Corporate tax: Economic impact unclear but dangers have eased

Outcome shows Paschal Donohoe correct to hold off on draft terms of OECD deal

For Minister for Finance Paschal Donohoe, the talks on corporate tax have always been a game of damage limitation. And his decision not to sign up to the draft OECD deal over the summer carried political risks. Success was far from guaranteed. However, with significant "wins" achieved in relation to Ireland's concerns, Donohoe can justifiably say that the original decision not to sign the draft terms was the right one.

Ireland’s political hand in the talks was not that strong. It was clear from the start that if there was a deal, we could not stay outside – and now indeed we are to sign up. But the other countries did want us on board. As a big home for the international headquarters of US companies, the Biden administration believed Ireland’s participation would make implementation much easier. And France, long a supporter of a higher corporate tax rate in the EU, wants to see the OECD deal written into EU law as soon as it can.

Donohoe used these factors to get the key concession of removing the "at least" before the level of the new minimum rate of 15 per cent. And to get assurances from the European Commission that it would not push for a higher rate when translating the OECD deal into EU law. Other EU countries could still object to this, but EU tax changes work by unanimity.

Domestic businesses

Domestically, the shape of the deal largely closes off opposition criticism, with Sinn Féin recently calling for the 12.5 per cent rate to be retained for domestic businesses – which is now to happen – and favouring Ireland’s participation in the OECD deal. The 12.5 per cent rate has been a rare area of political consensus over many years and, even as the rate changes, this looks set to largely hold – a point investors will note with the possibility of Sinn Féin leading the next government.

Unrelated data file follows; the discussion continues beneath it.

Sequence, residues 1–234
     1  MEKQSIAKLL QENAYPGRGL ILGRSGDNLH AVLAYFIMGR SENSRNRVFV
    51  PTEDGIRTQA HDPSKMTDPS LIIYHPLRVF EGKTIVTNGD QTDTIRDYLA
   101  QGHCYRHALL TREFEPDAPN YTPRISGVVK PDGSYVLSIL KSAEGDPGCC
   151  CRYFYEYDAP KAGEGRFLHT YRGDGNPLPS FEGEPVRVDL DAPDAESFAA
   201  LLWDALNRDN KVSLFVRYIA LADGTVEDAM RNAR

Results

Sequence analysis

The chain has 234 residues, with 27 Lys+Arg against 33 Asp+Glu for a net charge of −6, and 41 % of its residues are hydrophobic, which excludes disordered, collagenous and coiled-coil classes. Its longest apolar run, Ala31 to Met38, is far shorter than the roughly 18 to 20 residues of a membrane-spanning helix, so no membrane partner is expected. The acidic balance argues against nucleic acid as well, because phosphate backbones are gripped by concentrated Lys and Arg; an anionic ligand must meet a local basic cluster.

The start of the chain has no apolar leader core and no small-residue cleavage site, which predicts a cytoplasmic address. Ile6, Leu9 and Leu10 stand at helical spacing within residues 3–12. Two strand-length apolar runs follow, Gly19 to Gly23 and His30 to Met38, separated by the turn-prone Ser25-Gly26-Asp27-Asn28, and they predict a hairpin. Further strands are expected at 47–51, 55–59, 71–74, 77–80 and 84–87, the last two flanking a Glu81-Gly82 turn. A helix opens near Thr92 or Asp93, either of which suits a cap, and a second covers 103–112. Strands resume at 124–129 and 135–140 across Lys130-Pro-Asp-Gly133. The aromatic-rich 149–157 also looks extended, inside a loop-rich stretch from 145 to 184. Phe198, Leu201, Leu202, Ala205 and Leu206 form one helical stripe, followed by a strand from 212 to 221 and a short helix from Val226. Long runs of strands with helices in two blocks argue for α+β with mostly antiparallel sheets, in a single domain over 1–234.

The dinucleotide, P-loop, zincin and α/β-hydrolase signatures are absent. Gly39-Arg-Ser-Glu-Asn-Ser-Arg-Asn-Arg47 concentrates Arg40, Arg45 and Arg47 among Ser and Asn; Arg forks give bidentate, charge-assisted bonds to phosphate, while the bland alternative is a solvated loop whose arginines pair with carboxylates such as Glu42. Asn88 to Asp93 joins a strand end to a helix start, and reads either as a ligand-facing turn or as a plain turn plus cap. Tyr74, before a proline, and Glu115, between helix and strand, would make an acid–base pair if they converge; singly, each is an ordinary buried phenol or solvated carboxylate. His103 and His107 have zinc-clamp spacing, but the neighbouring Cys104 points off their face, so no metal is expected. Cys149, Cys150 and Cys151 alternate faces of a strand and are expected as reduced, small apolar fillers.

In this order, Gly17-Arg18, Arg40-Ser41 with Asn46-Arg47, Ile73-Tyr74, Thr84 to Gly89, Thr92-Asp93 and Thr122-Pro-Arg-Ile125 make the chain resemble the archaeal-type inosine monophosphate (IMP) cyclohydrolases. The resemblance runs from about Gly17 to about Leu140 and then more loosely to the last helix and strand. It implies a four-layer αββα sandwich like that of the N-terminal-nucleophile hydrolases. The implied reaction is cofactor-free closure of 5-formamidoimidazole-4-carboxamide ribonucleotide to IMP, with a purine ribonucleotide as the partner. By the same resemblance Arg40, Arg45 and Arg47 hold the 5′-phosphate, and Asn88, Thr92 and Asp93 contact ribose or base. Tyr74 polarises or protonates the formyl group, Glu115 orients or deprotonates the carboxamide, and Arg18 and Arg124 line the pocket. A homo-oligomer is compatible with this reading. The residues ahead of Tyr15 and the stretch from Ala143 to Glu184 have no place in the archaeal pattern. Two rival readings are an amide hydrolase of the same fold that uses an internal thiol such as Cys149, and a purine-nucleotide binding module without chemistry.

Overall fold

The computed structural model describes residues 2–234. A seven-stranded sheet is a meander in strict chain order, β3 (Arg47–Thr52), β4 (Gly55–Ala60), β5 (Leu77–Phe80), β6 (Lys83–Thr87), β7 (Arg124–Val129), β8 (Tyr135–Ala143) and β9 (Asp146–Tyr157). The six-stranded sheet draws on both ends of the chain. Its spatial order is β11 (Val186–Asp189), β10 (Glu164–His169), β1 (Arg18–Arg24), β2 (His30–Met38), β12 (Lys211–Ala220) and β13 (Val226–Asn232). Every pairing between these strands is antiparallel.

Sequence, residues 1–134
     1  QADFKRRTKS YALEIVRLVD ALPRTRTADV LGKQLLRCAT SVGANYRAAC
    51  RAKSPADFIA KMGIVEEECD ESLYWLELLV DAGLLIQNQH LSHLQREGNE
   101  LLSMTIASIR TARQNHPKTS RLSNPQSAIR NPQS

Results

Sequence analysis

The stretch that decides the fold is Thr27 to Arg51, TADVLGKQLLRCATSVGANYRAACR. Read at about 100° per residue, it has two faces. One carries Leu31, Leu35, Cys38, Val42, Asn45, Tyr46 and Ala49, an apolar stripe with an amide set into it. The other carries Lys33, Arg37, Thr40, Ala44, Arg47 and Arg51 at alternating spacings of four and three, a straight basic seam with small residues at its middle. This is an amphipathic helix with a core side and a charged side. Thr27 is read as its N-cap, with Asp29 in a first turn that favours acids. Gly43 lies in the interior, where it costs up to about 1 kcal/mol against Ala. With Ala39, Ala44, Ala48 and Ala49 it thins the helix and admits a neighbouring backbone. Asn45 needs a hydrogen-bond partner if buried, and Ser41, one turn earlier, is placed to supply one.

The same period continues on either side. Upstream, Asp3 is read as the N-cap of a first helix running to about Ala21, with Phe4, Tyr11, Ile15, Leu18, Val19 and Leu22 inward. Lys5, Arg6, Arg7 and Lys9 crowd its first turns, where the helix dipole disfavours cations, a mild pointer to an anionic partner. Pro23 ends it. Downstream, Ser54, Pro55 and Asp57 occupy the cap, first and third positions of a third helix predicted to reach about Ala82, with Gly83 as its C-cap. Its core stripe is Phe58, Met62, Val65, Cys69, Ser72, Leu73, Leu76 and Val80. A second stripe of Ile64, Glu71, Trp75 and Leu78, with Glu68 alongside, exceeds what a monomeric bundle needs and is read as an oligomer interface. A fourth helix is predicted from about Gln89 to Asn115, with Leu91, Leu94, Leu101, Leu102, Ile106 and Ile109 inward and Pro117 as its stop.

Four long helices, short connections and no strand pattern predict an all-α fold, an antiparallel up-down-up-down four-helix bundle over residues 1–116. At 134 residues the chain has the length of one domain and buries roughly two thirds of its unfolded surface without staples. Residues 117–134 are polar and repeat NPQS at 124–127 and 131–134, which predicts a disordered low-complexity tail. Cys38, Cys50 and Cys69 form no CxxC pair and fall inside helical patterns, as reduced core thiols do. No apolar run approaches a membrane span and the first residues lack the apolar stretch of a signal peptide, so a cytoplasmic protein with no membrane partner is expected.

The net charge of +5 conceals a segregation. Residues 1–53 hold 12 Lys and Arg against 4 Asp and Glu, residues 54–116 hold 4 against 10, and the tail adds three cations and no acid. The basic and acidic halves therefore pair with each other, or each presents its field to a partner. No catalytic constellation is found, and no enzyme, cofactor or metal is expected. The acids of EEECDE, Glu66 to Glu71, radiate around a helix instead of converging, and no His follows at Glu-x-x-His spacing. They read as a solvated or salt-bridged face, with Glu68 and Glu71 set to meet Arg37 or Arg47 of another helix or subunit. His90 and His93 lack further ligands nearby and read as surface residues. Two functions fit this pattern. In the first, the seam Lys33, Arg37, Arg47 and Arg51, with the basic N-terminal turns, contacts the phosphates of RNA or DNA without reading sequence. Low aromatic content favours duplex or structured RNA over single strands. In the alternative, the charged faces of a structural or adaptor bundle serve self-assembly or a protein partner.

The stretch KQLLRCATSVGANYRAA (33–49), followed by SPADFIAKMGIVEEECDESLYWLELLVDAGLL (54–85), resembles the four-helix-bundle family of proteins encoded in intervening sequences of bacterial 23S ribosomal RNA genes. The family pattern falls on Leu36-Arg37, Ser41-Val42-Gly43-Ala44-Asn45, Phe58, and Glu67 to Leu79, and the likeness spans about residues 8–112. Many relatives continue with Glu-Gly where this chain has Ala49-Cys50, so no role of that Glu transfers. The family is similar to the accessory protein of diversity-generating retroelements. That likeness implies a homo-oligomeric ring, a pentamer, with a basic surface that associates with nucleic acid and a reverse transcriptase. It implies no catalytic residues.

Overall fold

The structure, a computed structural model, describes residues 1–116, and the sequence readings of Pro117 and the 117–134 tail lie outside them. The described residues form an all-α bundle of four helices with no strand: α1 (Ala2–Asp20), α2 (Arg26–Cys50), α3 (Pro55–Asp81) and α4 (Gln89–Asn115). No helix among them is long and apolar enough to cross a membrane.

Business reaction was positive, centred on the certainty about the new tax rate. PwC managing partner Feargal O'Rourke said the odds on Ireland finding a safe landing slot in the deal had looked long last summer, but this had been achieved. Ibec greeted it as "the right decision at the right time".

There are costs here, notably in changes to rules about where companies pay tax which will cost the exchequer up to €2 billion a year, a figure now well-flagged and included in budget forecasts. The impact on future inward investment remains unclear, but business says certainty is important. The IDA said that the investment pipeline was “extraordinarily strong” even with the tax changes on the horizon. Still, Ireland could lose some more tax-sensitive projects in future. The economic impact remains unclear, but the dangers have eased a lot since the original proposals earlier this year.

Ireland’s reputation

Despite the risks, not signing up to the deal, as Donohoe explained, would have left Ireland outside the tent and unable to influence negotiations on the detail, would have hurt the country’s reputation and cost it tax revenue which would have been collected elsewhere.

In getting assurances on the EU implementing the 15 per cent rate and no more from the commission, Donohoe seems to have headed off the risk of further pressure from Europe on our corporate tax regime, for now anyway. And the commission's willingness to green light a 12.5 per cent rate for companies under the OECD limit is a surprise. The EU insisted we abandon a dual system in the past, according to Brian Keegan, public affairs director at Chartered Accountants Ireland, and the changed attitude this time is a boost to Irish companies.

Uncertainty still lies ahead. The details of the OECD deal remain to be thrashed out and are still controversial. And crucially it remains to be seen what the US Congress can pass by way of parallel changes to its tax laws. If it fails completely, then the OECD process will collapse, leading to the threat of what might be termed international tax wars, with Ireland stuck in the middle. Having signed up, Ireland will now want the deal to be done.